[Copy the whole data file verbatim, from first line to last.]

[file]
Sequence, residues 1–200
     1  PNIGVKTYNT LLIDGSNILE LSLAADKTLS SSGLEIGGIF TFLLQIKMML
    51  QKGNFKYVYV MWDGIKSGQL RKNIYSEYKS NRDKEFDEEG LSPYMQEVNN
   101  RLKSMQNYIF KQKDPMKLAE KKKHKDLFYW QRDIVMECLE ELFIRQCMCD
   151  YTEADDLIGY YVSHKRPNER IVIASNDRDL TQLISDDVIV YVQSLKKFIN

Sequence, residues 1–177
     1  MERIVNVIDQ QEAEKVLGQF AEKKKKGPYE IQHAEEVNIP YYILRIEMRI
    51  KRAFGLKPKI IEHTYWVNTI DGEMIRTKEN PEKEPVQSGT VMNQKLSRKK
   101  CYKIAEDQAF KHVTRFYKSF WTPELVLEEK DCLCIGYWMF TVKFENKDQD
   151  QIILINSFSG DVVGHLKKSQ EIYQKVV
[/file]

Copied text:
Sequence, residues 1–200
     1  PNIGVKTYNT LLIDGSNILE LSLAADKTLS SSGLEIGGIF TFLLQIKMML
    51  QKGNFKYVYV MWDGIKSGQL RKNIYSEYKS NRDKEFDEEG LSPYMQEVNN
   101  RLKSMQNYIF KQKDPMKLAE KKKHKDLFYW QRDIVMECLE ELFIRQCMCD
   151  YTEADDLIGY YVSHKRPNER IVIASNDRDL TQLISDDVIV YVQSLKKFIN

Sequence, residues 1–177
     1  MERIVNVIDQ QEAEKVLGQF AEKKKKGPYE IQHAEEVNIP YYILRIEMRI
    51  KRAFGLKPKI IEHTYWVNTI DGEMIRTKEN PEKEPVQSGT VMNQKLSRKK
   101  CYKIAEDQAF KHVTRFYKSF WTPELVLEEK DCLCIGYWMF TVKFENKDQD
   151  QIILINSFSG DVVGHLKKSQ EIYQKVV